Female sexualization is increasing, and scholars are divided on whether this trend reflects a form of gendered oppression or an expression of female competitiveness. Here, we proxy local status competition with income inequality, showing that female sexualization and physical appearance enhancement are most prevalent in environments that are economically unequal. We found no association with gender oppression. Exploratory analyses show that the association between economic inequality and sexualization is stronger in developed nations. Our findings have important implications: Sexualization manifests in response to economic conditions but does not covary with female subordination. These results raise the possibility that sexualization may be a marker of social climbing among women that track the degree of status competition in the local environment.Abstract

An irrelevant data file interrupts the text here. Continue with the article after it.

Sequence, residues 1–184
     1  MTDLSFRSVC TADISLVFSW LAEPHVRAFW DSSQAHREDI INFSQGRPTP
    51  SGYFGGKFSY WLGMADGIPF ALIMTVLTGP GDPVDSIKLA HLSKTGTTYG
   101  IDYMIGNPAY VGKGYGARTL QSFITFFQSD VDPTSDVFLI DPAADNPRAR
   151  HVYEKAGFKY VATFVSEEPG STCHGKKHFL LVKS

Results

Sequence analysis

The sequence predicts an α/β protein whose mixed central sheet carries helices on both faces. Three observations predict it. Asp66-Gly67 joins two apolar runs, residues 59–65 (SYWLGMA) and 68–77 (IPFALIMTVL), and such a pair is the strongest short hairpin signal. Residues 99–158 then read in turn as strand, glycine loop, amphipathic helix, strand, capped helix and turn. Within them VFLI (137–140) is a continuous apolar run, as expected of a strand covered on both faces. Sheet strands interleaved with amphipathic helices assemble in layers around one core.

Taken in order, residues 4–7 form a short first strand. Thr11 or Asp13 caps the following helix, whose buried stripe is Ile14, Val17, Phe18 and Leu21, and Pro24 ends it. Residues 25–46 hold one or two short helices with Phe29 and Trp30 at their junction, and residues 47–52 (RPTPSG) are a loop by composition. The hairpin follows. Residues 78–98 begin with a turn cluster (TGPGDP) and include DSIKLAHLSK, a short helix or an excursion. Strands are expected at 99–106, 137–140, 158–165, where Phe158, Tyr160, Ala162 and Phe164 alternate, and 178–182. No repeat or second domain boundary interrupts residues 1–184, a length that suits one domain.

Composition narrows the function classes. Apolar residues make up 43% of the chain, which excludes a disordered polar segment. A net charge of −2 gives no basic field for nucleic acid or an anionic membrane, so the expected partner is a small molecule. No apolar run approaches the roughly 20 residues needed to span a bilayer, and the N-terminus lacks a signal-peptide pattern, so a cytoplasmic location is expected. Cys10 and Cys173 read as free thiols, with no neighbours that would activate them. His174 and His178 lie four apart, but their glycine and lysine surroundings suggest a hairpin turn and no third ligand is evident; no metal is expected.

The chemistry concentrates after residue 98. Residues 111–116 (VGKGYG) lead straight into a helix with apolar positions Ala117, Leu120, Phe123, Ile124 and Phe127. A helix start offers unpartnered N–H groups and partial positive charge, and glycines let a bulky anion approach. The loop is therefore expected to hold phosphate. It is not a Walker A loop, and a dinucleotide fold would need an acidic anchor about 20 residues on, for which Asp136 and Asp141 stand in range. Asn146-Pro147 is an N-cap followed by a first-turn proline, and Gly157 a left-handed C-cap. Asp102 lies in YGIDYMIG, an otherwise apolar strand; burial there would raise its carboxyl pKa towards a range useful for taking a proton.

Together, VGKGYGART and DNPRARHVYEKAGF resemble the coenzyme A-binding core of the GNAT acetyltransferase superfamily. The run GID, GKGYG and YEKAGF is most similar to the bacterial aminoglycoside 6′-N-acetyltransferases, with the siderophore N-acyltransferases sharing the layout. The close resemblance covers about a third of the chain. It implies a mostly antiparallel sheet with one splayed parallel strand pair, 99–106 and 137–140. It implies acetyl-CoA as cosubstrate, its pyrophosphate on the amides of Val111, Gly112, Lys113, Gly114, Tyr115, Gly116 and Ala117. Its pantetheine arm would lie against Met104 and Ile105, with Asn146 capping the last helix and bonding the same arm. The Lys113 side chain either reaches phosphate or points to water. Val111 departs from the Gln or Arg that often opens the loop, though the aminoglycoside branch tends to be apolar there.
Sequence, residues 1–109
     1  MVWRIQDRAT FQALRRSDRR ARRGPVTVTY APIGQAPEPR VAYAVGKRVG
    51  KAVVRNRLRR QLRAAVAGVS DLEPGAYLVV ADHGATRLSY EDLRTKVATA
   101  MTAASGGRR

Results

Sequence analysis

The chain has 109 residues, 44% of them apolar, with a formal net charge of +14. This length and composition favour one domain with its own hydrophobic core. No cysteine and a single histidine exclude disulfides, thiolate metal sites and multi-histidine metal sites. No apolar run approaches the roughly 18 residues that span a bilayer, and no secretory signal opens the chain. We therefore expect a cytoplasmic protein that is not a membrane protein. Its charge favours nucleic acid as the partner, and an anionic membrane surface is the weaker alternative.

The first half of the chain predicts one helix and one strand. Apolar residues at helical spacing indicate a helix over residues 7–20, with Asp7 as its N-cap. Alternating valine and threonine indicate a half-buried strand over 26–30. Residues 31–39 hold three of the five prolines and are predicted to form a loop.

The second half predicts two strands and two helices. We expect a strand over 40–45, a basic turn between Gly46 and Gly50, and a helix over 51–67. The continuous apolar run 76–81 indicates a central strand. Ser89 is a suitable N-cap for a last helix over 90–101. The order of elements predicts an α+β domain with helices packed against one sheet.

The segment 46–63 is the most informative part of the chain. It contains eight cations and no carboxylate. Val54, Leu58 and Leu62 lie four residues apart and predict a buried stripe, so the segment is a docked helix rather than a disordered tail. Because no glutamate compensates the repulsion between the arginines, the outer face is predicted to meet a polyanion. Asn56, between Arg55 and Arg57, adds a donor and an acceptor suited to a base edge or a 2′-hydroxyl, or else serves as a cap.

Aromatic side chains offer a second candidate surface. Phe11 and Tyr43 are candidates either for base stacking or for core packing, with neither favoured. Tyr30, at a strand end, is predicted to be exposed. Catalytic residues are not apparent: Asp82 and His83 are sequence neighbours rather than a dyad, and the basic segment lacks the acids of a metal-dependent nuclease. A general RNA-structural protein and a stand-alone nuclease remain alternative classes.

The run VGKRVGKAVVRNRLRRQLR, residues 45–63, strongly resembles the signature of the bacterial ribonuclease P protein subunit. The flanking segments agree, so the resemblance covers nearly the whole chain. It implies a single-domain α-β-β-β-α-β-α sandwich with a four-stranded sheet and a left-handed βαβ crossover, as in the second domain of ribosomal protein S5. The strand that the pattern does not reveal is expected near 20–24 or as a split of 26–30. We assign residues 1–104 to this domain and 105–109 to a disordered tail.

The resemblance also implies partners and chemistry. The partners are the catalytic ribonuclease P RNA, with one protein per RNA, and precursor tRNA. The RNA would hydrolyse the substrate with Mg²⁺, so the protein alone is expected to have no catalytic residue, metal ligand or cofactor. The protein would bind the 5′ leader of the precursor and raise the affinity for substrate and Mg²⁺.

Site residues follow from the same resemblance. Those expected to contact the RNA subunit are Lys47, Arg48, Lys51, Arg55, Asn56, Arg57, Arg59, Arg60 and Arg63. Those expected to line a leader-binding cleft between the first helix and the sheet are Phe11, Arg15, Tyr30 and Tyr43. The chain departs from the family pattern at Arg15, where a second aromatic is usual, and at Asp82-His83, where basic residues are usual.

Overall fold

Publicly displayed, sexualized depictions of women have proliferated, enabled by new communication technologies, including the internet and mobile devices. These depictions are often claimed to be outcomes of a culture of gender inequality and female oppression, but, paradoxically, recent rises in sexualization are most notable in societies that have made strong progress toward gender parity. Few empirical tests of the relation between gender inequality and sexualization exist, and there are even fewer tests of alternative hypotheses. We examined aggregate patterns in 68,562 sexualized self-portrait photographs (“sexy selfies”) shared publicly on Twitter and Instagram and their association with city-, county-, and cross-national indicators of gender inequality. We then investigated the association between sexy-selfie prevalence and income inequality, positing that sexualization—a marker of high female competition—is greater in environments in which incomes are unequal and people are preoccupied with relative social standing. Among 5,567 US cities and 1,622 US counties, areas with relatively more sexy selfies were more economically unequal but not more gender oppressive. A complementary pattern emerged cross-nationally (113 nations): Income inequality positively covaried with sexy-selfie prevalence, particularly within more developed nations. To externally validate our findings, we investigated and confirmed that economically unequal (but not gender-oppressive) areas in the United States also had greater aggregate sales in goods and services related to female physical appearance enhancement (beauty salons and women’s clothing). Here, we provide an empirical understanding of what female sexualization reflects in societies and why it proliferates.